Hidden Lives: a story of discovery

June 16, 2017 to February 28, 2018

An exhibition charting the archaeological discoveries of the Wellcome Genome Campus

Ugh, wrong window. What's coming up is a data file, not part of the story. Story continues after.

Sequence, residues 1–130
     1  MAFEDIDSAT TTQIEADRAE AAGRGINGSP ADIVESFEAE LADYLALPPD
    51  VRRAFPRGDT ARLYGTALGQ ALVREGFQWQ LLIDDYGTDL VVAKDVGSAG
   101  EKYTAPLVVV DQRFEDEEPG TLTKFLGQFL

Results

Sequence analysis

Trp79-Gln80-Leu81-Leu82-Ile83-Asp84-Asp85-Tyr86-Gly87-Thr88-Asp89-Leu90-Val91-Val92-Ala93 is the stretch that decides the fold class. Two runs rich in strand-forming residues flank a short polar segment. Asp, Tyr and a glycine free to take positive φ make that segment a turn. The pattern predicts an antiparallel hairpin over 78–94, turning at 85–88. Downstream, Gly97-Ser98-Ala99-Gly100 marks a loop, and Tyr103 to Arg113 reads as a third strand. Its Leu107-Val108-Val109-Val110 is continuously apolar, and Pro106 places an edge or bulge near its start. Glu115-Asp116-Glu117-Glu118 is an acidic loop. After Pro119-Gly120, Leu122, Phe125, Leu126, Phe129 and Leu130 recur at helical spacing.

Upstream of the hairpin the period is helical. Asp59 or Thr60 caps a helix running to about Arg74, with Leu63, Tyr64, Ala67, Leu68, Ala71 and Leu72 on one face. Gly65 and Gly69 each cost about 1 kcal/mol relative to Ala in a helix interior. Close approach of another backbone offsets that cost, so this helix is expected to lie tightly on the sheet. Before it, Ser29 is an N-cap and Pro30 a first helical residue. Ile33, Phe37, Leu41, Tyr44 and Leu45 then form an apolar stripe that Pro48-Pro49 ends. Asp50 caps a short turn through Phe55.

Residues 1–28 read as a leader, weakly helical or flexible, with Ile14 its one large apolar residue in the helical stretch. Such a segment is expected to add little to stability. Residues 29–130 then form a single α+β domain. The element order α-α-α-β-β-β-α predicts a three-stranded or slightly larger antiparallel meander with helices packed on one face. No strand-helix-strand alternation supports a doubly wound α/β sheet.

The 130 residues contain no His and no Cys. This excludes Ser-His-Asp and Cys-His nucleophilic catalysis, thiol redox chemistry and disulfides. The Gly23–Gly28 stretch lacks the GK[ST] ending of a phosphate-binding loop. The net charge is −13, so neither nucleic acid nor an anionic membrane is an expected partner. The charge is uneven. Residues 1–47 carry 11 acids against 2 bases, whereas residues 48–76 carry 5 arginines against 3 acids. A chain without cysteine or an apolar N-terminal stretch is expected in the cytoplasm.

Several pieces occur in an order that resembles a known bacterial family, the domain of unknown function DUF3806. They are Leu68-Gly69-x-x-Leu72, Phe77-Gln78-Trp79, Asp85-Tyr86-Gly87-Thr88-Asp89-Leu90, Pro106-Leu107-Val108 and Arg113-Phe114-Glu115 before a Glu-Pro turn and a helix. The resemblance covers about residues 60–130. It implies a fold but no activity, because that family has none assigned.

Habitation of the site of the Wellcome Genome Campus dates back at least 12,000 years. It is now home to cutting-edge genomics research but we know through archaeological surveys that our ancestors lived and worked this fertile land on the banks of the River Cam, leaving behind fragments of their existence: trade, worship and their own bodily remains. In a project that combined the expertise of archaeologists and geneticists, we have been able to discover much more about these people, from their tools, jewellery, bones – and their DNA. Oxford Archaeology East has led several archaeological excavations at Hinxton. Flint tools worked by hand suggest that our earliest settlers date back to about 12,000 years. To date, 11 individuals’ remains have been unearthed; the oldest are about 5,000 years old. Most of the remains date from the Iron Age and the Anglo-Saxon period. Technological advances have greatly improved our ability to extract usable DNA samples from bones, which means that evolutionary geneticists can discover much more about our ancestors, and as a result, about us. Researchers at the Wellcome Genome Campus study DNA to understand human evolution and the genetic variation between us. In many ways this story is unique: archaeological remains discovered at a site that sequences DNA. But the results are part of our collective story, and show how studying physical remains and the hidden genetic codes held within them reveals so much about us, past and present.